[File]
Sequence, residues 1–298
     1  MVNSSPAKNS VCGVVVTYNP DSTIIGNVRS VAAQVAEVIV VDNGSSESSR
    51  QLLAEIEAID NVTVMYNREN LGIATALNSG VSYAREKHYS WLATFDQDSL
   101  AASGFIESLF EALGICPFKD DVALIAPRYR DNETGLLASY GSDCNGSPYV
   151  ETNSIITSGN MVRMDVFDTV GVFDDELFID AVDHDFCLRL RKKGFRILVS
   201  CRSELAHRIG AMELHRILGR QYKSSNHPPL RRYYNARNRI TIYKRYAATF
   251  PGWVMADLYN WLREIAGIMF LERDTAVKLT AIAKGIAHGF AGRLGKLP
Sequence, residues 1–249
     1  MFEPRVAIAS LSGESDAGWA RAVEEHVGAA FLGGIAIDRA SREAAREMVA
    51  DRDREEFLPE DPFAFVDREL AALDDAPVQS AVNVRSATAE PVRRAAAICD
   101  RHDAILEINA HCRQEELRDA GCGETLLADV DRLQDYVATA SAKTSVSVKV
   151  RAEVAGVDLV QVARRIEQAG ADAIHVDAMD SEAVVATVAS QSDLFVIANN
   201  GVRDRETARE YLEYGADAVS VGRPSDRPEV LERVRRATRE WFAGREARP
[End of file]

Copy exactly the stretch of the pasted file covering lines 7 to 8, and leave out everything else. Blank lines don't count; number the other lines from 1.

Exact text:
   251  PGWVMADLYN WLREIAGIMF LERDTAVKLT AIAKGIAHGF AGRLGKLP
Sequence, residues 1–249